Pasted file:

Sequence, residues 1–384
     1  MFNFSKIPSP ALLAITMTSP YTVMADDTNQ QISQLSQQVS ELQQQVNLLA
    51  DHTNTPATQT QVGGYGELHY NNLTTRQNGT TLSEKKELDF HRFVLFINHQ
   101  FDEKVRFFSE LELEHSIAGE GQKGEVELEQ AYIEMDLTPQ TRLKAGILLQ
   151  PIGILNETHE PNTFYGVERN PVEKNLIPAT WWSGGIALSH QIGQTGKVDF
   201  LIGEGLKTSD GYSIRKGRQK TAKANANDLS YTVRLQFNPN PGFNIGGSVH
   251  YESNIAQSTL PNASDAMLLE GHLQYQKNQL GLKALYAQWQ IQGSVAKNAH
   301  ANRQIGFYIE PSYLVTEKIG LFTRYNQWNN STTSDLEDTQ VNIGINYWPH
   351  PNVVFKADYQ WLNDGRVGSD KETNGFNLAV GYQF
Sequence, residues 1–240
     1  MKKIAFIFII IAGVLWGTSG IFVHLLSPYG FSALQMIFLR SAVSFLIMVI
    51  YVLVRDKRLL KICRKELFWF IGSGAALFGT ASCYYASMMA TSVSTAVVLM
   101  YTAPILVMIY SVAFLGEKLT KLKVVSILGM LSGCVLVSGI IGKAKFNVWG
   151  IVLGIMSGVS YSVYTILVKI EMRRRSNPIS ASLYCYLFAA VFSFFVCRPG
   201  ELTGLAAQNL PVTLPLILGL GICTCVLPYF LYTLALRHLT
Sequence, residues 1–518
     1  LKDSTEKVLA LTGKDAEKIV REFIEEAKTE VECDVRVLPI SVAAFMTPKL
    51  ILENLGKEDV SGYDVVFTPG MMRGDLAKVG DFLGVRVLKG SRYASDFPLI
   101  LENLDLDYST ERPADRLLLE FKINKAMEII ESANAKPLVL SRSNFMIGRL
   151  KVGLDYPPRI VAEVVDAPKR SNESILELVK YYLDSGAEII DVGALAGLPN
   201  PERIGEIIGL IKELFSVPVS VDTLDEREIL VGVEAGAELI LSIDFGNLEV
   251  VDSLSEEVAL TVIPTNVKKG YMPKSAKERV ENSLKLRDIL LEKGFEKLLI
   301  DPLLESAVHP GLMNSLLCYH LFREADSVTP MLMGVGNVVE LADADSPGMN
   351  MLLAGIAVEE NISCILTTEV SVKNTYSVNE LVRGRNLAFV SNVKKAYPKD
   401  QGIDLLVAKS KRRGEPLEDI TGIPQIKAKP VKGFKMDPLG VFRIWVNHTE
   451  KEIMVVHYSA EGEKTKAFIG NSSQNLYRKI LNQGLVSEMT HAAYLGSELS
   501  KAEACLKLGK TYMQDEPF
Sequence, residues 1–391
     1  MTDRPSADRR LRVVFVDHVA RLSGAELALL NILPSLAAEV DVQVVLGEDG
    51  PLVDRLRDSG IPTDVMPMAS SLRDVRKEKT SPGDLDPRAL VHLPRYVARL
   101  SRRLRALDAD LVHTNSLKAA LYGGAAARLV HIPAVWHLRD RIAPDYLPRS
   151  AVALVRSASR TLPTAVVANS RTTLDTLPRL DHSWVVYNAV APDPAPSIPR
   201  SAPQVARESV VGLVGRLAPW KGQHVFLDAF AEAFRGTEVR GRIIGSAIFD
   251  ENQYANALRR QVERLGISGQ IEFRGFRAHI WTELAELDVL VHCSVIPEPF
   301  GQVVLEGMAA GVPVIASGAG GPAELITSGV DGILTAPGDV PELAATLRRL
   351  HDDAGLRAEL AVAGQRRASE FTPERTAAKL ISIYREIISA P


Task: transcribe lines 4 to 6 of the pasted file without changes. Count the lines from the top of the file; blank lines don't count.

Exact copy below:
   101  FDEKVRFFSE LELEHSIAGE GQKGEVELEQ AYIEMDLTPQ TRLKAGILLQ
   151  PIGILNETHE PNTFYGVERN PVEKNLIPAT WWSGGIALSH QIGQTGKVDF
   201  LIGEGLKTSD GYSIRKGRQK TAKANANDLS YTVRLQFNPN PGFNIGGSVH